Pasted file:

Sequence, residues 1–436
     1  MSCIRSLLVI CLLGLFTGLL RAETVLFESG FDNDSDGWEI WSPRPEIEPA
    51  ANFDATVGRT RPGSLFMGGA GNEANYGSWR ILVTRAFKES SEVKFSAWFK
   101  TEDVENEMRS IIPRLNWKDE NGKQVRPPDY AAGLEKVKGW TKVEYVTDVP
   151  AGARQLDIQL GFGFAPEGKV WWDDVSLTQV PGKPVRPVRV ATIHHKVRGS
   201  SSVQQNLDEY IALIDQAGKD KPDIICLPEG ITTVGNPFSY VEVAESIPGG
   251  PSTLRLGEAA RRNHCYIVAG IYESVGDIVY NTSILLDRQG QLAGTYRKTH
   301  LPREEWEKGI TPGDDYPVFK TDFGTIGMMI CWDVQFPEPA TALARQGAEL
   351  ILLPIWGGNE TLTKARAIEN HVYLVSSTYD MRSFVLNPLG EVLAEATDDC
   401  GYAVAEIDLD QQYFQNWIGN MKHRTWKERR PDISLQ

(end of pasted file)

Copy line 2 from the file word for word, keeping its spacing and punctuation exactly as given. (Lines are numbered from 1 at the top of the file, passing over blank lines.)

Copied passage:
     1  MSCIRSLLVI CLLGLFTGLL RAETVLFESG FDNDSDGWEI WSPRPEIEPA